A favourite among Film Circuit audiences, Jean-François Pouliot’s 2003 film La grande séduction was a box-office smash hit in Quebec and wowed critics at that year’s Cannes Film Festival. Now, a decade later, the classic Canadian tale returns to the screen as an English-language remake directed by the brilliant Don McKellar (Childstar, Last Night) and adapted by Michael Dowse (It’s All Gone Pete Tong, Fubar) and Ken Scott (Starbuck) who wrote the original.
Substituting the quaint charm of a fishing village in rural Quebec with the rugged beauty of a tiny coastal community in Newfoundland, The Grand Seduction charts the lengths to which the community will go to enchant a visitor from the city. Like many affected by the collapse of the fishing industry, residents of this once-thriving village are driven to seek employment in the city or, worse, queue for government assistance. The future looks brighter, briefly, when a plastics company proposes building a factory in the village—until the villagers learn that they need to secure a full-time doctor to serve the community’s needs, which is easier said than done. Enter Dr. Christopher Lewis (Taylor Kitsch; television’s Friday Night Lights, The Bang Bang Club), a young, cosmopolitan plastic surgeon banished to the physician-starved seaside due to a previous misdeed. In a hilarious attempt to charm him—without revealing their plan—the villagers take up the doctor’s beloved cricket and fall over themselves trying to persuade him that he has come to the most fascinating, desirable place in the world.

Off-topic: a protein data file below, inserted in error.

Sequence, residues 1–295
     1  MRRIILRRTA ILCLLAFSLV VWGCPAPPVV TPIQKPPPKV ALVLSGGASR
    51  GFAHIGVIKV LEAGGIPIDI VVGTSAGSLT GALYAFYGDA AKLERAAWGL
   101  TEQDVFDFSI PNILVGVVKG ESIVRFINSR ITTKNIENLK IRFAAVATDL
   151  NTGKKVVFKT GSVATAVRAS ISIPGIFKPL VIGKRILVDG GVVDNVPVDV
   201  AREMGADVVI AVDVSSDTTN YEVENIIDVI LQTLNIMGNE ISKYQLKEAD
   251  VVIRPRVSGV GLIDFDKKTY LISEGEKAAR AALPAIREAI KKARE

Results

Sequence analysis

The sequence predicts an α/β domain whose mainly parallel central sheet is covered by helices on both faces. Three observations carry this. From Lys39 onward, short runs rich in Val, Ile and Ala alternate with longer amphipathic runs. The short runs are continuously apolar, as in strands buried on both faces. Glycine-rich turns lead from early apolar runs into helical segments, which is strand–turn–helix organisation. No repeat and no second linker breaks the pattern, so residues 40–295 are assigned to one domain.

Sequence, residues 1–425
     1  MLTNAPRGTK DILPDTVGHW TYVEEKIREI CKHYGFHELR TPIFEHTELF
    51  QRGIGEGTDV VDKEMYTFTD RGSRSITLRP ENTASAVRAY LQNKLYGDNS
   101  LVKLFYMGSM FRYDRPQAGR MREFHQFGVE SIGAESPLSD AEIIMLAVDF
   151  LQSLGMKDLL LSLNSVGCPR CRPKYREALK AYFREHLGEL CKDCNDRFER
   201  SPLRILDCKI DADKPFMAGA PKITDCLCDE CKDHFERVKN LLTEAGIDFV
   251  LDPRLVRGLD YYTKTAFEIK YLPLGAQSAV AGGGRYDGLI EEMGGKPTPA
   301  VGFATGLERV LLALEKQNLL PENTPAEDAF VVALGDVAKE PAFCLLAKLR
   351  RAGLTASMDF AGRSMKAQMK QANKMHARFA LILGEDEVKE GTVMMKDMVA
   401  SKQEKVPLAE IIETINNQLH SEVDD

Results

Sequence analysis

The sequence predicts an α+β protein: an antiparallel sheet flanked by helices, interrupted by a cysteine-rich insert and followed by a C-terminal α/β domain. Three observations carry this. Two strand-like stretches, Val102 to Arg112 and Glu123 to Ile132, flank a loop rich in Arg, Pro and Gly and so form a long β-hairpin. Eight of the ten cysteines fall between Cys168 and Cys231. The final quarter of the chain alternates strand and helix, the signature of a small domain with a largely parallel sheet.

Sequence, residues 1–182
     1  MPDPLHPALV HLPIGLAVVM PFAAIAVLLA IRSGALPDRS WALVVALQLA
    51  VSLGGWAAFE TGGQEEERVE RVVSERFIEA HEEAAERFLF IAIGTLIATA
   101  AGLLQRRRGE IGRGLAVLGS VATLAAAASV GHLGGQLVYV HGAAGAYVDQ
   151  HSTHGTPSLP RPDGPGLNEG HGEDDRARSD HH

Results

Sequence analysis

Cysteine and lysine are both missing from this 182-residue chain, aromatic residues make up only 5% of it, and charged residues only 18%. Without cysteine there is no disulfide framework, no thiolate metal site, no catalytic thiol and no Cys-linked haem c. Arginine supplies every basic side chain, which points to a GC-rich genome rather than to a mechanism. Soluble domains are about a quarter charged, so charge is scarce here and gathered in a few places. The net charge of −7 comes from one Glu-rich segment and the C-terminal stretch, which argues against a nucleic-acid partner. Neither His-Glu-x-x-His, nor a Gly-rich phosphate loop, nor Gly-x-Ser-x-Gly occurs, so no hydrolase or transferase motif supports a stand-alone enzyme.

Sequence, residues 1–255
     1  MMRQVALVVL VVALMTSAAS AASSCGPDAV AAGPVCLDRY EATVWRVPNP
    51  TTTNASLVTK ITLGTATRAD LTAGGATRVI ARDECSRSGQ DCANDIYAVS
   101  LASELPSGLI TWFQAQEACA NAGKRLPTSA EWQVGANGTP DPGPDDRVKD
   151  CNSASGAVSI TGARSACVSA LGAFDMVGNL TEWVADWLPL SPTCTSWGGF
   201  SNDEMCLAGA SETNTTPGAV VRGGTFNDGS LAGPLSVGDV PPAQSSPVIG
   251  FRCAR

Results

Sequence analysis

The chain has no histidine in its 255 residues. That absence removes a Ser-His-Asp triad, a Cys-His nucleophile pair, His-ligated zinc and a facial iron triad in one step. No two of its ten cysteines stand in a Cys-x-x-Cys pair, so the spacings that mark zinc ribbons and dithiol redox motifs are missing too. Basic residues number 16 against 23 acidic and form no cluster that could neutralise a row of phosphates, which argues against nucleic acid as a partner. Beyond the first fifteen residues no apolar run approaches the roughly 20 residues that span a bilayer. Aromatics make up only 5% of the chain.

Gentle, whimsical and poignantly funny, The Grand Seduction is brought to life through tremendous performances from Ireland’s Brendan Gleeson (Albert Nobbs, Gangs of New York) and Newfoundland-born Canadian icon Gordon Pinsent (Away From Her, Saint Ralph). Shot on location in Trinity Bay, the film marvelously captures the colour and vibrancy of Newfoundland’s coastal landscape, and is certain to delight even the saltiest cynic.